|In my scrapbook is a page of Making a Living Without a Job memorabilia that I’ve titled “The Class That Became a Business.” Indeed, it was only after people repeatedly said, “I’d love to be doing what you do,” that I began to realize there was an opportunity to share what I had learned. You may have your own opportunity hiding in plain sight.
“The new source of power is not money in the hands of a few,” said John Naisbitt, “but information in the hands of many.” This boom in information, technology and communication has made creating and packaging information a popular enterprise for self-bossers. And rightly so. Not only can you capitalize on years of experience and learning, you can start building your own information brokerage immediately—and do it from the comfort of home.
Information packagers are often people who have a real passion for their subject; others are passionate about communication and may write and speak about a number of subjects. Good communication skills are, of course, basic to making this work.
While it does take planning to create and produce information packages, you can get started with a minimum of expenditure. People are turning to experts with practical experience—people who have done what they’re teaching. Whether you are a world-class mountain climber, financial planner or legendary party giver, your audience awaits you.
Here’s a quick overview of the possibilities for packaging and marketing the information that’s already at your fingertips.
Teach a class or seminar. You can, of course, market your own classes. If you’re just getting started, however, you’ll save a lot of frustration if you join forces with someone who can promote your teaching such as a community college or professional association. Community education programs, art centers and even libraries are also possibilities.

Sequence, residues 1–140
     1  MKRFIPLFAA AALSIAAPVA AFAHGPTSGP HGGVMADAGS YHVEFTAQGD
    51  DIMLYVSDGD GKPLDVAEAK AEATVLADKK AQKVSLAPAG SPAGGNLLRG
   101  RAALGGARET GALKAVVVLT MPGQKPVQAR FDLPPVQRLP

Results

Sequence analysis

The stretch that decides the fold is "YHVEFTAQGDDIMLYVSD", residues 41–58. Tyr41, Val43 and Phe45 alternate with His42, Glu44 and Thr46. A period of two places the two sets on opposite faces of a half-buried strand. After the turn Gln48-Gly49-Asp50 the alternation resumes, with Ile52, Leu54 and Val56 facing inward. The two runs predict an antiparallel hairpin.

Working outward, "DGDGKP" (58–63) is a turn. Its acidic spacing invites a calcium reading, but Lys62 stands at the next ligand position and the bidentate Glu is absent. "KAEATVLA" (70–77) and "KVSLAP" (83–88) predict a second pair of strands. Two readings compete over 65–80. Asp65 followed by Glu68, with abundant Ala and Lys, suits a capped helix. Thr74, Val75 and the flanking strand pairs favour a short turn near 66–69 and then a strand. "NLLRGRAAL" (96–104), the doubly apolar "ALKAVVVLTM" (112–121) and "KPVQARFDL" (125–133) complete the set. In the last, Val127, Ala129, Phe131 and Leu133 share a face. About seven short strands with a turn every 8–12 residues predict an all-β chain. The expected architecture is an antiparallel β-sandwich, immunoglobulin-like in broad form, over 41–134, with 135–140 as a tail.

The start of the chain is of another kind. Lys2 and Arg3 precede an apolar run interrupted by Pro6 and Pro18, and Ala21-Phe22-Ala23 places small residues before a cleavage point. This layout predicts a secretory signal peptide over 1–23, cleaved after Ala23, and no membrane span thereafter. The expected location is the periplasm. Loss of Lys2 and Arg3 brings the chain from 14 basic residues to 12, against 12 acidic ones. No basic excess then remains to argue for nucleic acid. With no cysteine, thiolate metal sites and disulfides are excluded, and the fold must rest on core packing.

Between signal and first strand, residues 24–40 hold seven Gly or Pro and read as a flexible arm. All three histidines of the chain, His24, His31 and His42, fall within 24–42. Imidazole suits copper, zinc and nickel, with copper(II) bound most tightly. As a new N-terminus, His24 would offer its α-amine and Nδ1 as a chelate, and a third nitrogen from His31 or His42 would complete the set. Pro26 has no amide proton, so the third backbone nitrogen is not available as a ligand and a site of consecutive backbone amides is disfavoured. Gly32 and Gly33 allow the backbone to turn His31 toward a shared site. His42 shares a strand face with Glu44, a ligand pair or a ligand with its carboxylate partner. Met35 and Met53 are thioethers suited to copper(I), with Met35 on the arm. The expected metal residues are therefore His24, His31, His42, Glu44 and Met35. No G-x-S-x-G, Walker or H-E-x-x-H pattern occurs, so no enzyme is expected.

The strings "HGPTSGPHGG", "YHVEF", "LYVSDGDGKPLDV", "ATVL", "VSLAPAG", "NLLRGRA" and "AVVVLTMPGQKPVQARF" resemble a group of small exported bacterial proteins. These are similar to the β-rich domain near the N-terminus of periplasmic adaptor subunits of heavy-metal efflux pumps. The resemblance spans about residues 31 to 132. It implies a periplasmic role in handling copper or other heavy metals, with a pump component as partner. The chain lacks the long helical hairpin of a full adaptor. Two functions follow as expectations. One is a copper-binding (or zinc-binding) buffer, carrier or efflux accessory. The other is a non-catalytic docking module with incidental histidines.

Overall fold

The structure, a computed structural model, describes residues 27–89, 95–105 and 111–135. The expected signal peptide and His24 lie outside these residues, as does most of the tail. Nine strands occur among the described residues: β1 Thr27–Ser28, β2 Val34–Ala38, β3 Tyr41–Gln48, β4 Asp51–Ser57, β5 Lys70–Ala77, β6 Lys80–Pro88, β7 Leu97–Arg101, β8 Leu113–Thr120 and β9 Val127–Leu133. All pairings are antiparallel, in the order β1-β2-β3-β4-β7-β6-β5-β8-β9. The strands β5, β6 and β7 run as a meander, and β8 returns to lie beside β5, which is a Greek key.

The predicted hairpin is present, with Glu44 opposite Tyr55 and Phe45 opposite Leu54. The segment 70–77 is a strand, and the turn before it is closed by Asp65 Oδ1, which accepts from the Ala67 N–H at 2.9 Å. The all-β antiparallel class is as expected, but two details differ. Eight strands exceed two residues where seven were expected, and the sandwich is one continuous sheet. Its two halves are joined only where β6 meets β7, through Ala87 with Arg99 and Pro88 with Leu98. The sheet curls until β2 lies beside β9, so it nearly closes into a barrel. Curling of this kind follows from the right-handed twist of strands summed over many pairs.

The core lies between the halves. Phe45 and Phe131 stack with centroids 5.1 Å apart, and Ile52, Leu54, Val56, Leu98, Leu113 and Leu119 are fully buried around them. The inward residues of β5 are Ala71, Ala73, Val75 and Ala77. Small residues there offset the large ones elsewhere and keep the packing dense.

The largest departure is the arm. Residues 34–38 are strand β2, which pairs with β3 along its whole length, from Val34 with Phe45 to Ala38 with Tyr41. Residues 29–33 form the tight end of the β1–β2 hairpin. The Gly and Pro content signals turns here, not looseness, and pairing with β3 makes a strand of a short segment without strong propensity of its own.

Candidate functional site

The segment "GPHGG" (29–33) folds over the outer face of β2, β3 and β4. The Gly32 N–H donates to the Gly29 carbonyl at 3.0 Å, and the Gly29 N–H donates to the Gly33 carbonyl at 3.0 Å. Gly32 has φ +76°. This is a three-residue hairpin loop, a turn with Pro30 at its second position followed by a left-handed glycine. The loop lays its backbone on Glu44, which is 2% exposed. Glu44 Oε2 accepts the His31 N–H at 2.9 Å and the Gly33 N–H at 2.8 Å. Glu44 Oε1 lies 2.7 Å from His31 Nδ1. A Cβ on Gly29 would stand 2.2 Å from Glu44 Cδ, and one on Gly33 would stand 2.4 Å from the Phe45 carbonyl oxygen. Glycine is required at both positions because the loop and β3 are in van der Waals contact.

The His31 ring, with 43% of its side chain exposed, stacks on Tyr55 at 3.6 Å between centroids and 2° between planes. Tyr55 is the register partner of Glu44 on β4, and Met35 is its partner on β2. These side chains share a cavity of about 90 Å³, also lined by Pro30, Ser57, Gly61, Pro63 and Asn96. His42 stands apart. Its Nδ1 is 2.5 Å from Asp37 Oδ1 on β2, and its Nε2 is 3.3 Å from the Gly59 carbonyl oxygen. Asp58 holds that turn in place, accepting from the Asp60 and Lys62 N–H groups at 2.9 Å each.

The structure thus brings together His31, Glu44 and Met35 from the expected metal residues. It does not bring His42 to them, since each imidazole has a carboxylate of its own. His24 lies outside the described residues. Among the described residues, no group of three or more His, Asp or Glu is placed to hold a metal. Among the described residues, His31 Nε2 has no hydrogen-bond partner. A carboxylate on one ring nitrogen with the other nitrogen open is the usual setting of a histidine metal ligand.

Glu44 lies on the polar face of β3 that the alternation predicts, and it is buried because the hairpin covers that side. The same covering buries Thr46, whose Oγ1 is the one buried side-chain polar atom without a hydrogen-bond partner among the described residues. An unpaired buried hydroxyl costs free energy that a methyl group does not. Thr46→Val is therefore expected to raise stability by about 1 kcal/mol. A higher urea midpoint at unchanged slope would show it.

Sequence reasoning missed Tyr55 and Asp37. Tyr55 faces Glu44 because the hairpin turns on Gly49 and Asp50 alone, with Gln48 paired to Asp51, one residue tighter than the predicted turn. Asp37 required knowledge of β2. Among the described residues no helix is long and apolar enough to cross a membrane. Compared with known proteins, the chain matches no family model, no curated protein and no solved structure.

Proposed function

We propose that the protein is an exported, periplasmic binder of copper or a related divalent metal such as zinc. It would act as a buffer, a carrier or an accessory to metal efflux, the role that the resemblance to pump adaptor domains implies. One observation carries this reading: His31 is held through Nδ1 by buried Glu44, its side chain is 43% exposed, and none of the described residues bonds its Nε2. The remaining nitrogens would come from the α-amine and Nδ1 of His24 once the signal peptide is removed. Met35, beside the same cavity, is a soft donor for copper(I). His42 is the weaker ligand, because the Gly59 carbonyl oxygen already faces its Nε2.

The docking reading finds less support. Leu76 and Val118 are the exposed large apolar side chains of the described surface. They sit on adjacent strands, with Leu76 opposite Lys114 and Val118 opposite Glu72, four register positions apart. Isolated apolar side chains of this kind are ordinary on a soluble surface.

Give a speech. Conventions and professional groups are always seeking speakers who can motivate, train and educate. Professional speakers need stamina, but the financial rewards can be great. Many successful speakers begin their careers more modestly, however, offering to speak to local groups which offer exposure and experience—not much money.
Write articles. Magazines, newsletters, newspapers and association journals, which number in the tens of thousands, are good markets for how-to information. Some online sites also pay for material. You may be able to produce articles that you can sell several times to non-competing markets.
Self-publish. Desktop publishing has made it possible for impatient authors to produce their own reports, books and so forth. The profit margin is greater than with conventional publishing, but distribution can be more difficult when you do it yourself. However, self-publishing makes a great mail order venture. Or you can follow the lead of other successful self-publishers who also do public speaking and market their books at the same time.
CDs, DVDs and videotapes. The market for tapes and CDs has grown so large that many publishing houses have audio/video divisions. Again, tapes make a wonderful product to sell in conjunction with classes and public speaking.
Newsletters. While a newsletter can be a good profit center, it may not be profitable enough to be your single source of income. Newsletters are a great way to update and expand the information that you dispense in other formats.
Consulting. Working with others on a one-to-one basis can be a lucrative way of sharing the information and experience of a lifetime. Many consultants limit their work to a few select clients, leaving time for other information pursuits.
Internet. The world of cyberspace offers ample opportunities for sharing information. Since much of it is free, you need to establish your own position about how you want to operate online. Some websites share free information and market additional products, such as books and tapes. Becoming an online expert for someone else’s site is another way of taking advantage of the Internet.
There’s more where this came from.
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